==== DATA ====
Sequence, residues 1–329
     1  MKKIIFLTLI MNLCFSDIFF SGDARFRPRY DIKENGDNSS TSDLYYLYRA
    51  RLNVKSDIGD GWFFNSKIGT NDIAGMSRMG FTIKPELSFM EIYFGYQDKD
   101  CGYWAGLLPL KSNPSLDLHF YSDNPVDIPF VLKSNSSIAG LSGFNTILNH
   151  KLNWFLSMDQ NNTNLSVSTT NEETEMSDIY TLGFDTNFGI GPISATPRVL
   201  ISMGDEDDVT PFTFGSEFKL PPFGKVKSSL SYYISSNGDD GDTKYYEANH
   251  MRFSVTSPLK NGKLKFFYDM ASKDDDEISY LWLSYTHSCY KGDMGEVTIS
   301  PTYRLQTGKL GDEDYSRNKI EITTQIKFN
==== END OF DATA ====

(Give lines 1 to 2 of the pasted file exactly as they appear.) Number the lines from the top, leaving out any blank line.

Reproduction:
Sequence, residues 1–329
     1  MKKIIFLTLI MNLCFSDIFF SGDARFRPRY DIKENGDNSS TSDLYYLYRA